Originally posted by nixie_nox
reply to post by SecretGoldfish
 


If it were hormonal, you would also notice complexion changes, extreme weight gain or loss at a quick rate, hair changes, sleep disturbances, etc. Hormones effect every part of the body and will manifest themselves physically.


edit on 27-7-2011 by nixie_nox because: (no reason given)


You're wrong about this. It can be far more subtle, non-systemic.



posted on Jul, 29 2011 @ 12:35 AM
link   
I would highly suggest that the usage of her "pot" to control mood swings be stopped. At least until a later age. That young of an age, really screws with the development of a child's brain, not to mention what it might be causing on a hormonal level. That would be my recommendation. It is too much of a crutch at that age, when she should be figuring out how to cope with stresses and whatnot, not looking for a quick release for a short period of time.

Other than that, I really don't have much advice. Show lots of love (i'm certain you do already), and let her know you are there no matter what. She won't believe a word, lol, but that's what teen girls are notorious for. Good luck and keep the chin up!



posted on Jul, 29 2011 @ 07:54 AM
link   
reply to post by SecretGoldfish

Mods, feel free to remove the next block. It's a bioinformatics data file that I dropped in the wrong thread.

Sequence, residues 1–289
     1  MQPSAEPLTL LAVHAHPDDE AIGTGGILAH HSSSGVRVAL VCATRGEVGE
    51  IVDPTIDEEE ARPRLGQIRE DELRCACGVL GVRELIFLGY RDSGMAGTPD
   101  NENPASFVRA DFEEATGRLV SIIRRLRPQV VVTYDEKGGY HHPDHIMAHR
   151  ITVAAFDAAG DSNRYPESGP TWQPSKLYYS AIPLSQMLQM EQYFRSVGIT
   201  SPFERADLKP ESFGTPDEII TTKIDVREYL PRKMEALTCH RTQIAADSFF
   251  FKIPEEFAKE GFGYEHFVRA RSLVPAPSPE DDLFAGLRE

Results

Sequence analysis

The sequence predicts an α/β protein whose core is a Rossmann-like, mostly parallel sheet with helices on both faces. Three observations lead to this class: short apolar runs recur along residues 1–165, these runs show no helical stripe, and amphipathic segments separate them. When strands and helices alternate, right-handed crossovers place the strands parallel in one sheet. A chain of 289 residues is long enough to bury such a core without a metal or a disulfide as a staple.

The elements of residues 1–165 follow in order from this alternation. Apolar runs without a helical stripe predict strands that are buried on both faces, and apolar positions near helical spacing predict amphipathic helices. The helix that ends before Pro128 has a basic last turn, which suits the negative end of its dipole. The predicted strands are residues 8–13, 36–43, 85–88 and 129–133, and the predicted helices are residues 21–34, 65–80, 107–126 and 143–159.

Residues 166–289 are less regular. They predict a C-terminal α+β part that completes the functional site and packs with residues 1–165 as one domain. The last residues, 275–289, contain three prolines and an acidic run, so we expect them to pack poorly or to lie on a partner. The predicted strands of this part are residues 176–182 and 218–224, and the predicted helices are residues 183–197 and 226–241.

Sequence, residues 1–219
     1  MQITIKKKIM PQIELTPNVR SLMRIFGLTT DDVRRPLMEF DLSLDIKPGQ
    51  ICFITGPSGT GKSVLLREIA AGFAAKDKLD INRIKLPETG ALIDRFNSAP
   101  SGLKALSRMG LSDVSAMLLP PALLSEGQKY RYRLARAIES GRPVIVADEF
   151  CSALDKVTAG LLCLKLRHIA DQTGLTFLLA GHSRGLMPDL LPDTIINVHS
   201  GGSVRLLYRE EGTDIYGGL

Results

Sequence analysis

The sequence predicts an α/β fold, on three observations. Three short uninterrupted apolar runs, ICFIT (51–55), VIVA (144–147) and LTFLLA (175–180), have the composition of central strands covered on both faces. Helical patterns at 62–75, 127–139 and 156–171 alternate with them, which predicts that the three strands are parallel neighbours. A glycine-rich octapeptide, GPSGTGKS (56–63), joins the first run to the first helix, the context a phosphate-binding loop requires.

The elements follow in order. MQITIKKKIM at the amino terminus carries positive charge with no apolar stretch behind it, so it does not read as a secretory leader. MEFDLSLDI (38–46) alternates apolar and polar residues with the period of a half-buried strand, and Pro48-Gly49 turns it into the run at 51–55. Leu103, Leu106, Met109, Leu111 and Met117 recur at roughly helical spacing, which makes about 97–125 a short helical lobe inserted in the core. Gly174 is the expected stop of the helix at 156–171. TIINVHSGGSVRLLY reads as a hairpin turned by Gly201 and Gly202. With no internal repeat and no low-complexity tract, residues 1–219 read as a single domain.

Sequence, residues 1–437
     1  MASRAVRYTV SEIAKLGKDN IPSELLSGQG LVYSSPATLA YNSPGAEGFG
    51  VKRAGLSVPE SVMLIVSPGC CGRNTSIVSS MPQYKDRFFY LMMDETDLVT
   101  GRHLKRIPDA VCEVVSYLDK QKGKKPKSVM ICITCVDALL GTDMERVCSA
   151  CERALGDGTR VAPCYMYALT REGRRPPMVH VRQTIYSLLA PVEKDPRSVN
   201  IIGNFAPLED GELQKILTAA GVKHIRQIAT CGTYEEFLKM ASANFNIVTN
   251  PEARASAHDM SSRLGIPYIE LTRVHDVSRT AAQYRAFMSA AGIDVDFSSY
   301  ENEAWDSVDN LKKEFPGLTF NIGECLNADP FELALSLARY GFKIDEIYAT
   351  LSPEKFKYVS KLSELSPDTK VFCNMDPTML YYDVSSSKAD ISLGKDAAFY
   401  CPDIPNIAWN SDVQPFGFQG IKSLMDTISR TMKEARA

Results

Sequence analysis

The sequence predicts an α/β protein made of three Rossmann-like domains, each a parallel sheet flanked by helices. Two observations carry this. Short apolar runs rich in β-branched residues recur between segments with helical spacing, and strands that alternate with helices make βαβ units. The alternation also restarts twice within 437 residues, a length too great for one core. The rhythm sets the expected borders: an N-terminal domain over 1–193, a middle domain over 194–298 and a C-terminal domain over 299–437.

Then it wouldnt' be enough to cause such major mood changes.

Hormones regulate the body. They won't selectively just choose to alter the mind.
If it were reproductive hormones enough to alter personality, she would be having major reproductive issues.
If it were other hormones regulating other systems such as temperature or sleeping cycles,any amount of those would alter her physically as well.
And one wrong amount of hormone will affect another, causing obvious physical problems, either never sleeping, always sleeping, eating too much, not eating enough, fatigure from raised heart rates, growing hair where you shouldn't, losing a lot of hair, etc.

there are not only hormones that only affect teh mind.

Typical male, always wanting to place women's problems on the reproductive issue.




top topics



 
3
<< 1   >>

log in

join